For girls, moving from childhood through adolescence is fraught with difficulties, regardless of one’s racial/class/sexual identity. Research shows that at adolescence, the incidence of depression, eating disorders, and other mental health issues begin to affect girls at high rates. How is girlhood and adolescence being “packaged” in today’s culture? What cultural forces are most strongly affecting girls, and how can we understand and promote their healthy resistance to these forces? How do girls learn to negotiate territories of ethnicity, gender, class and sexual identity as they move through adolescence? How and why are girls taught to agress against each other? In this class, we will examine girls’ psychological and social development through adolescence against the backdrop of culture and cultural identity. We will critically examine the conflicting messages affecting girls of diverse cultures within the US, and work toward envisioning and articulating more equitable and responsive contexts for girls. We will also imagine new stories, new narratives, and new images for adolescent girls. Students are encouraged to take Drue Robinson’s course 336v Topics in Arts: Fairytale Theatre, though it is not mandatory.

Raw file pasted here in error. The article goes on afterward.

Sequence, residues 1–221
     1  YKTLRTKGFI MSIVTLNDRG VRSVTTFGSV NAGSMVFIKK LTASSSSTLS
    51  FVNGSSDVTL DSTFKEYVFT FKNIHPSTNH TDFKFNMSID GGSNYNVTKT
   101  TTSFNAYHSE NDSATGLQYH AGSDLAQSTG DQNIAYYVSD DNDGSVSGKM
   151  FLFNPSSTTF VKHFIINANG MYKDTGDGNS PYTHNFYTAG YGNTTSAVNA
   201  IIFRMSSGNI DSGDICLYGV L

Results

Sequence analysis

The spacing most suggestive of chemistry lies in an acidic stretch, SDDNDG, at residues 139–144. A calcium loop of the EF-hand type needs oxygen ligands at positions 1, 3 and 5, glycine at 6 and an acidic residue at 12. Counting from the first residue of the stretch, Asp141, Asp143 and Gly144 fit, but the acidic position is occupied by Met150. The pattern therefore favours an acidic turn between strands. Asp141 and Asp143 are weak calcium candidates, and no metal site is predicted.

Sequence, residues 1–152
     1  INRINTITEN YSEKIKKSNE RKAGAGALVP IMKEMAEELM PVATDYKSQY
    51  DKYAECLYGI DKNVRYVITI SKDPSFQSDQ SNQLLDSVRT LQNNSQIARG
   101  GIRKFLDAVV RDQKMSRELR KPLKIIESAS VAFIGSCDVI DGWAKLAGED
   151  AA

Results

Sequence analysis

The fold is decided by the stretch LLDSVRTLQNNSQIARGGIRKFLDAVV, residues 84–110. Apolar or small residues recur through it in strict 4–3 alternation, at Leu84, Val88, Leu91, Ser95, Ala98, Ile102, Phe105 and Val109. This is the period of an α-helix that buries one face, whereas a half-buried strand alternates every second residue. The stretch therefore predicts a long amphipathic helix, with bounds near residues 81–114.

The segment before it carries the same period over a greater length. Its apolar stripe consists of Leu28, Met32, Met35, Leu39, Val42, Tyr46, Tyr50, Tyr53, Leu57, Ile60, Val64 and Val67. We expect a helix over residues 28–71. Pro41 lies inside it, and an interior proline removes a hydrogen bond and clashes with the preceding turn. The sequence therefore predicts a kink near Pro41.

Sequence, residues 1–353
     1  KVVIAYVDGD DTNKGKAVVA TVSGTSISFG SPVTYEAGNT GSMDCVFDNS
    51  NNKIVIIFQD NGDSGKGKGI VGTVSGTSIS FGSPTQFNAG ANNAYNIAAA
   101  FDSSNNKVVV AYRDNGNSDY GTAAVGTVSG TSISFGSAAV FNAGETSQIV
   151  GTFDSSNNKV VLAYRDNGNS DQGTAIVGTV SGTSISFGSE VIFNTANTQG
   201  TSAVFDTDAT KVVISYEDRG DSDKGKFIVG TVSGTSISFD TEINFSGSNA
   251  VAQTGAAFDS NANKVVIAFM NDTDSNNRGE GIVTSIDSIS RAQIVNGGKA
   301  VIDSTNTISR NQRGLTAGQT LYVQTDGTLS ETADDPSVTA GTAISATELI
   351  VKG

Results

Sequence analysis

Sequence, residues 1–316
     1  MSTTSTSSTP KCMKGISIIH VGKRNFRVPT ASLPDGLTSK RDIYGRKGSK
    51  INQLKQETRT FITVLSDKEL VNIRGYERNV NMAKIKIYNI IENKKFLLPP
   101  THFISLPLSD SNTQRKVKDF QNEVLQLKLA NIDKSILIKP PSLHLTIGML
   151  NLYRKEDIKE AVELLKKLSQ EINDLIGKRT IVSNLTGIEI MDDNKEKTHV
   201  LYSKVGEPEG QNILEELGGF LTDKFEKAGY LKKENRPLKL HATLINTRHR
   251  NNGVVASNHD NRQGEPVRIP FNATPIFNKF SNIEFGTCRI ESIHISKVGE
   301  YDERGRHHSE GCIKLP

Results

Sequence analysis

Texts: ALL ABOUT THE GIRL: CULTURE, POWER, AND IDENTITY by Harris; URBAN GIRLS: RESISTING STEREOTYPES, CREATING IDENTITIES by Lamb and Brown; FLIRTING WITH DANGER: YOUNG WOMEN’S REFLECTIONS ON SEXUALITY AND DOMINATION by Phillips; and BONE BLACK: MEMORIES OF GIRLHOOD by hooks.
Credit/Evaluation: Regular class attendance and informed participation in class discussions are required. Two short papers, one mid-term paper, and a final project must be completed. Details on assignments will be given in class.